BWW Interview: Natasha J Barnes Talks THE TWILIGHT ZONE at Ambassadors Theatre
She now joins the cast of The Twilight Zone, currently playing in the West End.
Who or what inspired you to become a performer?
Pretty much anything I saw on the television from the age of four! My dad used to read me Roald Dahl stories as well. Fantastic Mr. Fox was my favourite.
It sounds silly, but he did all the voices and I wanted to do them back. It was the first time I wanted to entertain someone by performing for them.
How did you get involved with The Twilight Zone?
I was called in for a meeting when I was playing the fairy godmother in a panto in Portsmouth to come and meet with Richard Jones, the director, and Sarah Angliss, who's written the music for it. I thought "What could be further away from a panto?!".
I went in not expecting to book it, but I was so happy I got it. I was working when it was last on at the Almeida Theatre, so I wasn't able to see it. It's one of those jobs where you forget you're playing a role and just enjoy reading the script.
Tell us about the characters you're playing.
I play a few characters throughout the show: Ethel, a professional dancer in a scene in a diner where everyone is a crime suspect; Mya, the cat girl, who is the least human of the characters; and Mrs. White is a 1950s housewife.
What's interesting about these roles is I'm playing a lot of women who are oppressed by misogyny, and I enjoy finding the strength within them all.
They've all got one thing in common: they're very aware of their power as women. I've liked trying to make that more current and accessible.
Sometimes shows don't age well, but Richard, my director, helpfully said during rehearsal "We often learn the most lessons by looking back at what was, and rather than pretending it didn't exist, give it a true representation from the time".
We're presenting The Twilight Zone as it was at the time and people will hopefully think, "Thank goodness society has changed!".
How has it been working with an existing cast in rehearsals?
It's great. I know Lizzie [Connolly], who played my track previously at the Almeida. We knew each other before being involved in this and she really enjoyed it. I'm a big fan of hers.
Everyone who's done it before is amazing at being flexible about learning and responding to new people in the cast while also lending a hand. It's a very physically and logistically demanding piece, so it's good to have people in room who vaguely know what they're doing.
I love that from the moment the show goes up you have to prepare and be so, so focused. You don't leave the backstage area until the end of the show. You're always changing costume or moving a piece of set. I always find I get the most out of it when I forget myself and get immersed in the show.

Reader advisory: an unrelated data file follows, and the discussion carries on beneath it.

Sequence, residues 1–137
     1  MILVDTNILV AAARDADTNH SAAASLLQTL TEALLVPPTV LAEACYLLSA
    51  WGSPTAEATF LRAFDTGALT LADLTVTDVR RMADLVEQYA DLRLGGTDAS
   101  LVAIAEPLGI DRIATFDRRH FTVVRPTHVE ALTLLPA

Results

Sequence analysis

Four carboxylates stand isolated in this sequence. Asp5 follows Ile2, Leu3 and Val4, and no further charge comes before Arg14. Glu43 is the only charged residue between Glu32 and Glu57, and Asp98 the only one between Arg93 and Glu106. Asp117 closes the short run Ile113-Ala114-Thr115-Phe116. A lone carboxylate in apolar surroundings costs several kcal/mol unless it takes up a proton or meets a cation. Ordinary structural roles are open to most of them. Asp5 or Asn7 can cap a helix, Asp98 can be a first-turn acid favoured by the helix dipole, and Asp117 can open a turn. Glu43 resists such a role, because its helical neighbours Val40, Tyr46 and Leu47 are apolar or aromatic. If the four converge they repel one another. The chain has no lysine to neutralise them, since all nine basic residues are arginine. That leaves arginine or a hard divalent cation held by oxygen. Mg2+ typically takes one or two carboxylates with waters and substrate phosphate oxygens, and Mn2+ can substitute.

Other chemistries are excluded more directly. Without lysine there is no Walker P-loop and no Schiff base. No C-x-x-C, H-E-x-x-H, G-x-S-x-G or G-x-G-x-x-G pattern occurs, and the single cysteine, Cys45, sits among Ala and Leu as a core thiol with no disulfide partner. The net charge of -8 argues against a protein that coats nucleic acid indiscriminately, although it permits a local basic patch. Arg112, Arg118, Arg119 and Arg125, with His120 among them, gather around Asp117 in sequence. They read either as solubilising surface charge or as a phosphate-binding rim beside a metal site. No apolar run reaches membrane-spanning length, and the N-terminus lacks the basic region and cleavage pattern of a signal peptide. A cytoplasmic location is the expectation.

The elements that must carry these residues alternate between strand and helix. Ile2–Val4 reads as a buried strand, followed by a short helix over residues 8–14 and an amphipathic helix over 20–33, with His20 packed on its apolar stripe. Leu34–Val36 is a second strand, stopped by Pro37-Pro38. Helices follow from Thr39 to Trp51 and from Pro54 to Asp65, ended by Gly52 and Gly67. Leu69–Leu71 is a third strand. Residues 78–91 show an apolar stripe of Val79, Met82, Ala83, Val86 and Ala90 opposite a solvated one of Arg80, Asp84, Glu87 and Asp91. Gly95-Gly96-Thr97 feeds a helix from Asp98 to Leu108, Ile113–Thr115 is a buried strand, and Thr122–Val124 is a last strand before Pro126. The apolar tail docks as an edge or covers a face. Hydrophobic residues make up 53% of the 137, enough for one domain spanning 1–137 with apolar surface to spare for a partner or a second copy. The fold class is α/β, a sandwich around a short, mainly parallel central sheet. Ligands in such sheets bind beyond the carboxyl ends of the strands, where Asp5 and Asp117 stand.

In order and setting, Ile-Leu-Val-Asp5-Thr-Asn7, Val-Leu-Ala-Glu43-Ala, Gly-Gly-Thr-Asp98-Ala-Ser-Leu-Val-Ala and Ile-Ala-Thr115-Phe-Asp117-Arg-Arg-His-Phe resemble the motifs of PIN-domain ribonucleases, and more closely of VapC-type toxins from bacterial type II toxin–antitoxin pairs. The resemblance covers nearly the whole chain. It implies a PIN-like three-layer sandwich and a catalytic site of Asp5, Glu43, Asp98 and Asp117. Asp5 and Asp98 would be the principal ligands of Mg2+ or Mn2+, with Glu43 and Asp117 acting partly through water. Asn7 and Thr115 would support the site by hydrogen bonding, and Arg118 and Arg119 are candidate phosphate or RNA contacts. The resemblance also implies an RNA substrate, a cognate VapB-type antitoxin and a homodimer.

Did you previously watch the TV show?
No, I didn't. I knew about it from going to Disney World - my favourite ride was "The Ride of Terror". I remember the music from the scary lift.
I've since watched some of the episodes, even those not incorporated into the show. I'm trying to keep them separate: it helps to watch some of the episodes we touch on in the play, because it's good to have a reference.
The show is episodic in nature and will touch on one story, then another story, and eventually comes back to them.
Why do you think the franchise has been so successful?
The Twilight Zone takes an element of fable and fantasy and finds a way to tie in a reflection point of what's happening in the world. We suspend our disbelief with an alien in a diner, a catgirl etc., and engage in a reality that is subliminally messaging us about what's really going on in the world.
Any other upcoming projects you can tell us about?
My main thing just now is this production of The Twilight Zone. I also have a nine-month-old and ongoing promotion of my album Real. I'd like to get the music out at some live shows in the future, but at the moment I want to give everything to this project.
Why should people come to The Twilight Zone?
We live in quite a stressful climate at the moment. We don't know what's going on socially and politically. Something about this show takes you away, makes you think. It's an amazing bit of escapism that leaves you thinking.
Photo credit: Matt Crockett, Johan Persson